This mindset can foster sloppy shooting, said Bill Taylor, governor of the Academy’s VFX branch. “There’s no digital fix for a camera that was placed in the wrong position,” he said. “The pressure to get lots of setups done in a day is greater than ever, so the results coming out of production and into the visual effects labs are sometimes very bad. The quality standards of photography have declined, perhaps because of lack of time on set.”
Taylor also noted, “There’s a whole generation of digital artists who’ve never picked up a paintbrush or been on a set. Their lack of experience shows in the final result. There are shots in big movies that are unacceptable by any standard.”
Quality control is even more complicated by the compressed schedules of today’s movies. To get the work done in less time, studios and producers use a “wide pipeline” — splitting up the shots to many visual effects studios. Gone are the days when a single studio, like Digital Domain or Industrial Light & Magic, would do an entire movie. Those big shops do the high-profile, research intensive work that can drive a marketing campaign. However on “Iron Man 2,” ILM was one of 11 visual effects vendors, and that number isn’t unusual.
For “Tron: Legacy,” VFX supervisor Eric Barba of Digital Domain wrangled work done in Thailand, India, Mexico and Canada. DD had to develop proprietary networking technology so that Barba could monitor high-def images online.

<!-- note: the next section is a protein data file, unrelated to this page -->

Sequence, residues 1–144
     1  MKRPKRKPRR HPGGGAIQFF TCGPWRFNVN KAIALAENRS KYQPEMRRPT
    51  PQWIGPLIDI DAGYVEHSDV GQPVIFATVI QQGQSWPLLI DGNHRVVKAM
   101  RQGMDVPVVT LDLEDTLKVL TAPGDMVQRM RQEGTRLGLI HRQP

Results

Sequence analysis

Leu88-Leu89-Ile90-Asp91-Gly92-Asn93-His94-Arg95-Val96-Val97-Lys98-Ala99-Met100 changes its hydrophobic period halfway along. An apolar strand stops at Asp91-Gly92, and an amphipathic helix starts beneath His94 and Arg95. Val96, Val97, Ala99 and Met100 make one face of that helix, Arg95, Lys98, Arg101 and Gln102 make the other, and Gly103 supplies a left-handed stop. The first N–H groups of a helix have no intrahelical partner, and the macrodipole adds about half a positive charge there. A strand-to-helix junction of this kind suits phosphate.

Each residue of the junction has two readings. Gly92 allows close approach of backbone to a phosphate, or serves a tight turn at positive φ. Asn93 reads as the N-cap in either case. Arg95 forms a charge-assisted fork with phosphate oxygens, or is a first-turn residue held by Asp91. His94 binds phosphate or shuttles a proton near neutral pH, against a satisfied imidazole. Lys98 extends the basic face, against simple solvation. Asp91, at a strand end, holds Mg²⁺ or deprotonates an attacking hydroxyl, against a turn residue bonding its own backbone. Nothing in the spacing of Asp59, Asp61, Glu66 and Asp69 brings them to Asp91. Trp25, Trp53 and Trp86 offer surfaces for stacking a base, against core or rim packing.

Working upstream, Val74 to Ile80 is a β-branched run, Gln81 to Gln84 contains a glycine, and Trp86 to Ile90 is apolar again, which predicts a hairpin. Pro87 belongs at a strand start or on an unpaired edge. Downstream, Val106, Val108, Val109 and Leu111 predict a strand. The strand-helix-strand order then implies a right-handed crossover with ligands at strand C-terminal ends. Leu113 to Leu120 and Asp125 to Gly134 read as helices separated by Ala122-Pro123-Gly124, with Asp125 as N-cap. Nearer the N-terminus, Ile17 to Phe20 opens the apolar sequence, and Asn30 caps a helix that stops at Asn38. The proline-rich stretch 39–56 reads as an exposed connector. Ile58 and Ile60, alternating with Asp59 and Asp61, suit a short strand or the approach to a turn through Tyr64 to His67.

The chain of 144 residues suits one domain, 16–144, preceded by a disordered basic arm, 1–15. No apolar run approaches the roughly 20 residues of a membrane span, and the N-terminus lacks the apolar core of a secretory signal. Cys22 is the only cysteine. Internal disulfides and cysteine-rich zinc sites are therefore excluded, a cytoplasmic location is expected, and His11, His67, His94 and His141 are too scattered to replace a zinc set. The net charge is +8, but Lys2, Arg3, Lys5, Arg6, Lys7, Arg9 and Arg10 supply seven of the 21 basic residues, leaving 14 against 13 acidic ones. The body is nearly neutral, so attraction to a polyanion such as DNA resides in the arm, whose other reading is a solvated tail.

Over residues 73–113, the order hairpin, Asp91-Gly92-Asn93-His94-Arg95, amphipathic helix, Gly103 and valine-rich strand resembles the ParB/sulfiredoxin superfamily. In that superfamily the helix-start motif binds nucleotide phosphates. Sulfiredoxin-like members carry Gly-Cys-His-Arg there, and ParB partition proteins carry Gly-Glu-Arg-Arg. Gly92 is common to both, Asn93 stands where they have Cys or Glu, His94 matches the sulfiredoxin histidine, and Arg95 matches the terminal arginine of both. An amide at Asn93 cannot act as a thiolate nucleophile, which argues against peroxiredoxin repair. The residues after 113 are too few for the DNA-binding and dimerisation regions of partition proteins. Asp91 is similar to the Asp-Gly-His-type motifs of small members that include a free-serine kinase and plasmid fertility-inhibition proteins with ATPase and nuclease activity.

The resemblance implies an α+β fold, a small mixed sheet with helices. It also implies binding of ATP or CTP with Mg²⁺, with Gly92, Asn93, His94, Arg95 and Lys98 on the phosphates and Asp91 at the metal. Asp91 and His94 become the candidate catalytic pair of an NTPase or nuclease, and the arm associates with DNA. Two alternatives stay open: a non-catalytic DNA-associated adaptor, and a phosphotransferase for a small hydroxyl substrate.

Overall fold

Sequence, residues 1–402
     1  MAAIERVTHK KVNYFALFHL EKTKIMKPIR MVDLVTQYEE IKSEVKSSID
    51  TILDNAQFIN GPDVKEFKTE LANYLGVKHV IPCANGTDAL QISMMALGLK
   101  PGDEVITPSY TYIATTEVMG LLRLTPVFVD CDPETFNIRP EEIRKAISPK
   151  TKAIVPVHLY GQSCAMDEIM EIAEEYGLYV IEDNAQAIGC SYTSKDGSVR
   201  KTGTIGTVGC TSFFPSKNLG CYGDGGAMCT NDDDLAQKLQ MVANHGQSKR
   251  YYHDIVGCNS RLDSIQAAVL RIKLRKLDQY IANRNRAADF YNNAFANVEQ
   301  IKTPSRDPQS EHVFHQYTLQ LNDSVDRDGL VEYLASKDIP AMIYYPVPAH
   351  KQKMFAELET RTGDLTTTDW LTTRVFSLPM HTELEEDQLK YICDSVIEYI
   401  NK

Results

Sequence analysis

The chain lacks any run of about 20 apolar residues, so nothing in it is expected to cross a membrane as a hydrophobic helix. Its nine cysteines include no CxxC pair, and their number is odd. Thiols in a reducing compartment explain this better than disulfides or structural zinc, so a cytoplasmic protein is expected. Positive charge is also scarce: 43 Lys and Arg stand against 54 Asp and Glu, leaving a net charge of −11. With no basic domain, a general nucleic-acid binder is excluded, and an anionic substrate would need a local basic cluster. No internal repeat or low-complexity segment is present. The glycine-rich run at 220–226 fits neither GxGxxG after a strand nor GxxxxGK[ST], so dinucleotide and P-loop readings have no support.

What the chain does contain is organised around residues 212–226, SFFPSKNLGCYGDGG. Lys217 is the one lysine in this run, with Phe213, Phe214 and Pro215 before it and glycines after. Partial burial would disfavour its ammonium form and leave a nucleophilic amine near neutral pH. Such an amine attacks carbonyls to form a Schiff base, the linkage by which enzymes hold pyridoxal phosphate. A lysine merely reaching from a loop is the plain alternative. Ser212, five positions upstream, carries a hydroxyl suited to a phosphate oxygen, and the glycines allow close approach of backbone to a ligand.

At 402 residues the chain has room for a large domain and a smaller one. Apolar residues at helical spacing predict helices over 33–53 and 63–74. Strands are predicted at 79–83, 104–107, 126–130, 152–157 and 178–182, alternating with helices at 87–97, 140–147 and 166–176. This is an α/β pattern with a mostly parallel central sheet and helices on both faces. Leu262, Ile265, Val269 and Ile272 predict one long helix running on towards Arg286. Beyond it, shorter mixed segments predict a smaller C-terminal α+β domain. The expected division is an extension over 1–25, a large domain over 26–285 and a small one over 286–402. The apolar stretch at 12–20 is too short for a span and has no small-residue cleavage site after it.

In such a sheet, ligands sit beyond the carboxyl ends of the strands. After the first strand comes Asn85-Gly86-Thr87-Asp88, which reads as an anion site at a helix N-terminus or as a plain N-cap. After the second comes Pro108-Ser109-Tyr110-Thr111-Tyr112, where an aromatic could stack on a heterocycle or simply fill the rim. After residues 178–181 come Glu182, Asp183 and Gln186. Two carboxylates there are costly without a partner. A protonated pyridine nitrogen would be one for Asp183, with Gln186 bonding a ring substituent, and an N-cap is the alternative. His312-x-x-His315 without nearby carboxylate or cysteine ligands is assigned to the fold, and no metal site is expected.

“It’s a new model for the visual effects community. Traditionally, we don’t share anything. So keeping the quality level consistent was a concern,” Barba said. “You don’t want sequences looking like different companies did them.”
Floor to ceiling
The move toward 3D is also putting downward pressure on vfx quality. 3D visual effects are much more complicated than 2D visual effects, but budgets don’t always make up the difference. Feeney noted that 3D also exposed some limits of today’s d-cinema projection systems.
“The projectors couldn’t do full quality stereo, and studios have scrambled to bring the quality of stereoscopic movies back to a minimal 2K level. That level — which was supposed to be the floor — became the ceiling! Because what actually gets delivered to theaters might be considered compromised, that may allow lower-end visual effects to fly through without being apparent.
“This situation established a ‘good enough’ mindset. Theaters have to show higher quality imagery to drive studios to deliver better quality masters.”
Given all these pressures, it’s not surprising that several vfx suppliers have folded. But Okun said: “Some companies are doing well because they’ve specialized in particular things. Scanline (which did the Oscar-nominated tsunami sequence for “Hereafter”) specializes in water effects. It’s like the general practice doctors who are struggling, while the brain surgeons are doing fine.”
That’s led to an evolution, where producers and studio vfx departments talk about “casting” the visual-effects vendors. It lets a shop such as Scanline, that has a specialty, do what it’s good at without having to carry the entire show. John Swallow, who oversaw vfx at Universal for 14 years, said: “Lots of people can get images 80% done. It comes down to having enough time to do that last 20%. And if shots are added, quality tends to suffer.”
So what happens when the shots aren’t of sufficient quality and the release date is looming? Emergency 911 calls go out to the big shops, who have massive resources and very experienced people — and charge a healthy markup for the rescue work. But smaller shops can’t survive on 911 calls. Feeney said, “All it takes is one project from hell to put them out of business.”
Taylor expects we’ll see more circumstances like the last “Harry Potter” film, where the studio abandoned 3-D conversion efforts that weren’t working. “Sooner or later that will happen to the VFX on movies with cast-iron release dates. Those movies will come out with whole sections missing!”